The runaway success of American stars like Frank Sinatra, Johnny Ray and Elvis Presley ensured that by 1957 Britain’s teenage market for short, catchy songs delivered by handsome men was firmly established and clamouring for home grown talent.
But if a 16-year-old tearaway from Liverpool called John Lennon had decided not to enlist the services of one James Paul McCartney into his skiffle group The Quarryman that autumn they might never have become The Beatles and whatever happened next it certainly would not have occupied us as it has for the last 60 years.
A self-confessed know-all, Lennon could easily have dismissed the younger McCartney out of hand, no matter how impressed he was the kid could play ‘Twenty Flight Rock’ and knew all the words. But early the following year George Harrison joined at McCartney’s suggestion and the die was cast.
Had Lennon ploughed on without them it’s likely The Quarrymen would have remained a mystery to the world, although after enrolling in Liverpool College of Art in 1958 their leader could well have pursued a more solitary creative path.
McCartney had the chops and the charm to follow his own star and may well have done well in showbiz, a TV presenter perhaps. Harrison too had the talent, looks and ambition to make it – maybe as a guitar prodigy, a Clapton of the North?
At that time Ringo Starr was making his name as a drummer for hire and would certainly have done very nicely out of that before a later career in acting beckoned, or maybe as a booking agent or promoter.
By 1962 as The Beatles scored their first hit, Love Me Do, Britain’s nascent pop music industry was hitting its stride. Tommy Steele, Adam Faith, Helen Shapiro and, most significantly, Cliff Richard – our answer to Elvis – were big stars, but they were safe, sanitised and as likely to be popular with parents as they were with the kids. They did as they were told, sang the songs they were given and towed the line.
That was never enough for The Beatles who from the outset challenged the status quo by writing their own material, then turned their backs on touring and demanded unlimited studio time with complete creative freedom. As long as they remained bankable the industry couldn’t refuse them, but without them to lead the charge, what would have become of their immediate contemporaries?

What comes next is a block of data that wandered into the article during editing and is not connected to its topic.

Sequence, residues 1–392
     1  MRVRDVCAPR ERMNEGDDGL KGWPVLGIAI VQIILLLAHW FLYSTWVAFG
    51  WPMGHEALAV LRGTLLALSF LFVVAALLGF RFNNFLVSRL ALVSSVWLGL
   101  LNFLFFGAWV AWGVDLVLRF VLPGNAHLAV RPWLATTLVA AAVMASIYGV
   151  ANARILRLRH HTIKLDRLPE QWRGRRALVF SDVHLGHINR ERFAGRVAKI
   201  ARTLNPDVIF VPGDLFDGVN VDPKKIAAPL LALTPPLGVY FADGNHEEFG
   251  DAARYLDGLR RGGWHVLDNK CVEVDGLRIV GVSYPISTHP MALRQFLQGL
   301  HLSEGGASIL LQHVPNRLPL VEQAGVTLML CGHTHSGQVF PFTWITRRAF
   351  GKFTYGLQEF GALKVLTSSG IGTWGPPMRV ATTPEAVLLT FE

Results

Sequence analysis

The Rolling Stones would still have formed, but without Lennon and McCartney to gift them their first top 20 hit – I Wanna Be Your Man– they would either have continued to ape American rhythm & blues or given in to Mick Jagger’s attraction to fame and fortune and churned out a series of Tin Pan Alley hits.
Similarly, the members of The Kinks and The Who would have found one another through London’s R&B and jazz scene, but if they’d never heard The Beatles’ early originals would Ray Davies have co-opted music hall to create a new musical vernacular, or Pete Townshend have found the courage to cook up a rock opera?
In America, Brian Wilson herded The Beach Boys into a maelstrom of creativity as a direct result of The Beatles’ Rubber Soulalbum, but without that catalyst perhaps his demons would have consumed his talent even more completely making it easier for the group to simply follow the money.
Dylan would still have happened, but The Byrds would never have married his vision of folk music to a Beatle beat and sounded the West Coast psychedelic sirens, leaving only the dystopian distortions of New Yorkers like The Velvet Underground or Mid Western agitproppers the MC5 to drive the creative imperative.
In a world without The Beatles something else would have filled the commercial vacuum as technology drove a new kind of teen audience through transistor radios, portable record players and the telly, but it would have looked and sounded very different indeed.
Saturday 6 July 1957 – Paul meets John. John Lennon’s skiffle group The Quarrymen play a church garden fete witnessed by Paul McCartney who is subsequently introduced to Lennon.
Thursday 6 February 1958 – George meets John Haunted by his dismissal of ‘that chubby kid McCartney’ Lennon invites 14-year-old guitarist George Harrison to join The Quarrymen.
Thursday 12 July 1962 – Stones begin to roll Mick Jagger, Brian Jones and Keith Richards play their first gig as The Rollin’ Stones at the Marquee Club in London.
Saturday 18 August 1962 – Ringo approached The Quarrymen invite drummer Ringo Starr to leave his safe gig in Rory Storm and the Hurricanes and join them. He declines.
May 1963 – Stones on their way Having produced hits for the likes of Jimmy Young and Dickie Valentine, Dick Rowe signs The Rollin’ Stones to Decca.
Saturday 8 August 1964 – Dylan stays true The album Another Side of Bob Dylanis released and its creator is lauded for resisting the urge to go electric and copy the Stones.
Friday 5 August 1966 – Jesus stalls Stones Reacting to their stranglehold on the pop charts, Cliff Richard reminds fans that Jesus is bigger than The Rollin’ Stones.
Sunday 12 February 1967 – Stones ground down The Rollin’ Stones career is effectively ended when Jagger and Richards are arrested at the latter’s mansion on drugs charges.
Tuesday 5 August 1969 – The Devil in Iggy As The Stooges release their debut album, Iggy Pop says the Devil has all the best tunes because he gave them to him.
Monday 8 December 1980 – Reagan assassinated Pop music fan Mark David Chapman, 25, shoots US President-elect Ronald Reagan in Washington in a motiveless attack.
Saturday 8 July 2017 – Lennon-McCartney, finally Local artist John Lennon and vicar George Harrison reform The Quarrymen in Liverpool for their 60th anniversary and invite game show host Paul McCartney to join them.
• First published by Future.